"Getting our subscribers more leads obviously should increase retention rates but its hard if not impossible to measure." - You should use SEM (AdWords) to get more subscribers rather than leads, and track conversions (subscriptions) so you know whether the money is worth spending or not.

"buying inbound links to increase SEO relevancy" - why buy? Did you max out on free SEO tactics? If you look around this site you will find links to many SEO tools, some free and those that are paid have free trials.

It seems you are considering ad campaigns for both new customer acquisition and product development (generating leads) for retention. Do you already have a retention problem with your existing customers because of the product value or are you worried about not getting new customers because your competitors are spending on exposure? The answer should determine what your priority should be - acquisition or retention.

Oh, and I would recommend running a small budget campaign on AdWords. It's rumored that Google favors paying customers in SERP, and I had seen it work that way, so you get a dual benefit. Even if you don't want to focus on SEM, run a campaign with a $5/day budget and 3-5 keywords (cycle through keywords to find conversion winners and then run those).

answered Mar 29 '12 at 11:06
2,835 points


You don't need to know the ROI of a channel to figure out the budget. You just need to know the lifetime value (LTV) of customers acquired through it, which is simplified to all the revenues from one customer minus all the costs to support that customer (though it's a bit more complex than that ). You also need to know how much of the LTV you want to keep as profit and how many customers you want to sign up per month from that channel. The customer acquisition (CA) budget will be (LTV - profit) × new customers.

For example, the LTV is ¤100.00, you want to keep 20% of it, and you want to sign up 50 new customers per month - thus, your budget will be (¤100.00 - ¤100.00 × 20%) × 50 = ¤4,000.00.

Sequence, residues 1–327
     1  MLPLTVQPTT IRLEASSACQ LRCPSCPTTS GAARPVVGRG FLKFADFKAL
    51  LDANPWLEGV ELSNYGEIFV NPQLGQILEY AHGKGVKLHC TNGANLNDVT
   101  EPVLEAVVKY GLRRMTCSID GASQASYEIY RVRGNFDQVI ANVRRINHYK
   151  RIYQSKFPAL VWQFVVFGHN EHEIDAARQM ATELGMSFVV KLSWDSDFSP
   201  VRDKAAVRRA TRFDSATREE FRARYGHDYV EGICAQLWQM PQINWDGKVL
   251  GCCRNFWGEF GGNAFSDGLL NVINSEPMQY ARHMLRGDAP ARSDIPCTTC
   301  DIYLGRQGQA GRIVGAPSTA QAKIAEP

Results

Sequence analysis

If you need to calculate the maximum price per click, then you'll need to know the conversion rate from lead to paying customer (i.e. what percentage of those who click the ad sign up as customers). The max price will be CA × conversion. For example, the LTV is ¤100.00, the retained profit is 20%, and conversion rate is 10% - thus, max price per click is (¤100.00 - ¤100.00 × 20%) × 10% = ¤8.00, which gives you 10 clicks ¤8.00 each and 1 of them (10%) will become a customer.

As for SEO, don't waste your time on retaining "link builders" because that's a questionable practice and you never know what update to Google algorith kill your SERP placement. Instead, focus on media & blogger relations to generate real, valid mentions and on building a quality product because that will result in referrals by current customers, which is free promotion.

answered Mar 29 '12 at 11:49
1,963 points


Sometimes you can't outspend a competitor. Stay as close as you can for as long as you can if it will turn you a profit. If not, back off now.

Have you tried other forms of advertising. Facebook ads are a less tapped resource and are highly targeted. Also, do you have something of value to your audience that you can giveaway. Run a competition and leak the info to bloggers in you industry.

Look for creative ways to not only bring direct traffic right now, but to bring sustainable trust authority that will drive you up in the SERPs and solidify the positions you attain. This work done now will also bring a continual stream of traffic from the places you build it.

Pat Flynn of has a great podcast called How to be Everywhere In the podcast he talks about how he uses multiple avenues of disseminate his message to drive his traffic and ultimately his sales.

answered Mar 30 '12 at 04:13
179 points